Somerville, Massachusetts: Two Meals at Posto
I'm afraid I need to preface this review with a long-winded caveat: I was initially ready to give the pizza at Posto, a relatively new Neapolitan-style pizzeria located just outside Davis Square in Somerville, Massachusetts, a big thumbs down. I ate there for the first time a few weeks ago, and while I loved much of what I ate—especially the appetizers, which included a port-wine-aspic-blanketed chicken liver mousse that is sumptuous enough to deserve its own post—I was underwhelmed by the pizza. The toppings were very good, but the crust was decidedly lackluster. It had OK leopard-spotting and a nice flavor, but it was a little tough. A perfect Neapolitan pie should be verging on underbaked in the center—soupy even—mandating that it be eaten with a knife and fork. Instead, these pies were firm enough to eat with your hands. It was clear that the pizza had spent too long in an oven that wasn't nearly as hot as it needed to be.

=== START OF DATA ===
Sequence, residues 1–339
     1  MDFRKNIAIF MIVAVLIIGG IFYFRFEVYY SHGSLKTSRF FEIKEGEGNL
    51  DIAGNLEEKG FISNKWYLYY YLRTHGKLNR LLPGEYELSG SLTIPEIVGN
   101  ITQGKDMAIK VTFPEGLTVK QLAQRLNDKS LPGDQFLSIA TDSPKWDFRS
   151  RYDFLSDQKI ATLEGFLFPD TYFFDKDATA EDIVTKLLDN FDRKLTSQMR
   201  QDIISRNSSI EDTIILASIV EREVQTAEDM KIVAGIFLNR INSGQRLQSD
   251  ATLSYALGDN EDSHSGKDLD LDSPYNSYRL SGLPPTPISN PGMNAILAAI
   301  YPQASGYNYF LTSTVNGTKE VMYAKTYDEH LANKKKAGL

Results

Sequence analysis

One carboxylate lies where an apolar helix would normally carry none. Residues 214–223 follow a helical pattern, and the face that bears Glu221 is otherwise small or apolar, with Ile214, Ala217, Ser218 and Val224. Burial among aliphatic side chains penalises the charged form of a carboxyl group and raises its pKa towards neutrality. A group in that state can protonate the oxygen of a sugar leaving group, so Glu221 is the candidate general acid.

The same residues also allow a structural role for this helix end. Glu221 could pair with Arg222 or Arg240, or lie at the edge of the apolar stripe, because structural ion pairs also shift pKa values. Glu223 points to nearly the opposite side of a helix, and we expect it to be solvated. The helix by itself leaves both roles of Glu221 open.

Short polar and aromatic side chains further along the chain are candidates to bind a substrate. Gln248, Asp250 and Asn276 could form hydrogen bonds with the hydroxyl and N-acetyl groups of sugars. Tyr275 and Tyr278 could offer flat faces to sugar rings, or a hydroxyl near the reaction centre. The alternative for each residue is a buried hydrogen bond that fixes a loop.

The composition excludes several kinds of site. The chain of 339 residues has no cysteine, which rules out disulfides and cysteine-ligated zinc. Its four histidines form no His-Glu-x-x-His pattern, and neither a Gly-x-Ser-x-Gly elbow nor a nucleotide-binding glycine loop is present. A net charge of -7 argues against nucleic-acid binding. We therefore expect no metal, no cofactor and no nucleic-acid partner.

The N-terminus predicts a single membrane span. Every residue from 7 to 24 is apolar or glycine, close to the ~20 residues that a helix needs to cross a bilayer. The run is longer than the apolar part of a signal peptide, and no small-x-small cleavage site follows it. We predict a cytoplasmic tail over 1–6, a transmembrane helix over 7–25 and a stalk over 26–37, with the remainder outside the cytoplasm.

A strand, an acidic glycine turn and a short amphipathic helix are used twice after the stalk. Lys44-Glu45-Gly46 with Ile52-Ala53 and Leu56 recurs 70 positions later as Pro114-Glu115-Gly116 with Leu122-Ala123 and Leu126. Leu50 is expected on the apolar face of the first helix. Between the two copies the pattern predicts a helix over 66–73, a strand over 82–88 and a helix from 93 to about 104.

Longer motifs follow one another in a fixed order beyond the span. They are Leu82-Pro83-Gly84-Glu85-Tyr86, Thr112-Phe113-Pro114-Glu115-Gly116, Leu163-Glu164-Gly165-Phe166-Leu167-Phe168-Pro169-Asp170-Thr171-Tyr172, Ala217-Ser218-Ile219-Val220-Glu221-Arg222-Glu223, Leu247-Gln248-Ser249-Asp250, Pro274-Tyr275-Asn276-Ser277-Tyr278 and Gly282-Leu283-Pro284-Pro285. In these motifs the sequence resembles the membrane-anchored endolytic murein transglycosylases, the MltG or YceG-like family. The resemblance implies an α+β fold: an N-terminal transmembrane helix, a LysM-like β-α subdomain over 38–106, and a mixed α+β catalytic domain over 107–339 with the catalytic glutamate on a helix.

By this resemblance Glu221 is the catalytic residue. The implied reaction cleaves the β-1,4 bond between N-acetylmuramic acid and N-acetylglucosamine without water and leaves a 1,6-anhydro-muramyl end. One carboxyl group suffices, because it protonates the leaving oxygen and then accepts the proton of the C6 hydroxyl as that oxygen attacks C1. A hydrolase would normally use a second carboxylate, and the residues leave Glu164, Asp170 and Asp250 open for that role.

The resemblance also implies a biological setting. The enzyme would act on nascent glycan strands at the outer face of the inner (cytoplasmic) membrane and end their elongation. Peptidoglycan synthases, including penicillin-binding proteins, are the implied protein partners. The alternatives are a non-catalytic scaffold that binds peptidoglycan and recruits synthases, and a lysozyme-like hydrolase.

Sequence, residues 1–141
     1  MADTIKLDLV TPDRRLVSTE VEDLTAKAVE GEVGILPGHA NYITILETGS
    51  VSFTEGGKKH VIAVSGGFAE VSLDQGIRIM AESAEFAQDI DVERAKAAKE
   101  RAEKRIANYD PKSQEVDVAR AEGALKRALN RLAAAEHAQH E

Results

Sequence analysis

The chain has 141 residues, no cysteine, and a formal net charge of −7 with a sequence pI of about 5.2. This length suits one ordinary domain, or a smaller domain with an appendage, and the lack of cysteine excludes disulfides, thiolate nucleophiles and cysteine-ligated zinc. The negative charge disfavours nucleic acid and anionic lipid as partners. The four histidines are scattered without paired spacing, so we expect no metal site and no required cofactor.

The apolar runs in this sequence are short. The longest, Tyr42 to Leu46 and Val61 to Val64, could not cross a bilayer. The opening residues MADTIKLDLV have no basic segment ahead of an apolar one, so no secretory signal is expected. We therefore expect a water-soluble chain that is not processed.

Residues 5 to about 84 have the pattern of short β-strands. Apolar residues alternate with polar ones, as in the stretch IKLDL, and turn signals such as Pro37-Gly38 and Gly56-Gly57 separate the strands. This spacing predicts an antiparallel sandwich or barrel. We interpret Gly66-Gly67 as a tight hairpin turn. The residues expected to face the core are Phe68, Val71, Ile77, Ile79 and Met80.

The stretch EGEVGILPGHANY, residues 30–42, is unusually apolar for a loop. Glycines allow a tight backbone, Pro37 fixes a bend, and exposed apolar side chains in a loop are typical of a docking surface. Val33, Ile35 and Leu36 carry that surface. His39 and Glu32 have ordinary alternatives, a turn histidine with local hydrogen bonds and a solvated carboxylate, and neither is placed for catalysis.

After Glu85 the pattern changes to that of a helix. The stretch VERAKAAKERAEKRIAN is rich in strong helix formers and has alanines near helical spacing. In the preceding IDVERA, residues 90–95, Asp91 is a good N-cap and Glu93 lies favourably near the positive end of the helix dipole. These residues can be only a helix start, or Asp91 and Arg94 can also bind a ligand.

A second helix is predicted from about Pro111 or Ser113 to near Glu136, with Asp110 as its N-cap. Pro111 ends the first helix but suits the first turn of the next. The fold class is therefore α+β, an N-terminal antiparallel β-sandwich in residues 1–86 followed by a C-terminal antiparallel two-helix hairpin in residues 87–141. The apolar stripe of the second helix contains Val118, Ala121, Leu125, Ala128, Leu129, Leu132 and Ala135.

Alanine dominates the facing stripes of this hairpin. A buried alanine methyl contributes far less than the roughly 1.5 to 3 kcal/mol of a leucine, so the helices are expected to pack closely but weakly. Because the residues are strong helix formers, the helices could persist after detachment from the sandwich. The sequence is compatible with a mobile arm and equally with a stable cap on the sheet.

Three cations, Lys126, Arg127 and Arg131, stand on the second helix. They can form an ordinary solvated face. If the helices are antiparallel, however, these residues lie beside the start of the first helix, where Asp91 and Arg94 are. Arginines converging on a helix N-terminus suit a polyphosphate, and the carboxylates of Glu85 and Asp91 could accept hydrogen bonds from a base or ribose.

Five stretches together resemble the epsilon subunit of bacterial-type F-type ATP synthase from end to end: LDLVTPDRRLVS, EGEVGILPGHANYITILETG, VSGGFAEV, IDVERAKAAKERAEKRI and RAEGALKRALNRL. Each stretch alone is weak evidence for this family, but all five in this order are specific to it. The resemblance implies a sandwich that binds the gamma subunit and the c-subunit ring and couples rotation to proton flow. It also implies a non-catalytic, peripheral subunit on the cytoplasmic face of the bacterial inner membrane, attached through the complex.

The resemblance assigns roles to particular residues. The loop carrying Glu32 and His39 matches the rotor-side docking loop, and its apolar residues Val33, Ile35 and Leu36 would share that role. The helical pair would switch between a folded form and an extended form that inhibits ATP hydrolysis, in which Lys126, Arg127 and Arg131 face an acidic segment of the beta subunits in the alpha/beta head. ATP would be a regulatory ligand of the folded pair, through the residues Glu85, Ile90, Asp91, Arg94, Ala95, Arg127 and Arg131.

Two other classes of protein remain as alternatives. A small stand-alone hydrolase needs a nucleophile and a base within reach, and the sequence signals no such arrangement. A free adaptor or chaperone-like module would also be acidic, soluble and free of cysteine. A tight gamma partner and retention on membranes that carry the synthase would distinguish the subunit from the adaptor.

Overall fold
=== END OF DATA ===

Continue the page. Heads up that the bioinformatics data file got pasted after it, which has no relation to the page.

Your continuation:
Posto bakes its pies in a beautiful Mugnaini wood-fired oven, so there's no reason they shouldn't have been cooked at the requisite 900°F-plus temperatures. But when I asked the cook manning the oven that night what temperature it was running at, he kindly pointed his infrared thermometer at the deck for me, and it registered barely more than 500°F. There's your problem, I thought to myself, and resigned myself to having to write up yet another hopeful-but-ultimately-disappointing Slice review.
A few days later, I phoned up the chef-owner, Joe Casinelli, to get some background information on his recipes and the ingredients he uses. During the course of the conversation, he asked me what I had thought of the pizzas. I tried to be as generous as possible without revealing too much, but he could clearly tell from the tone of my voice that I hadn't loved them.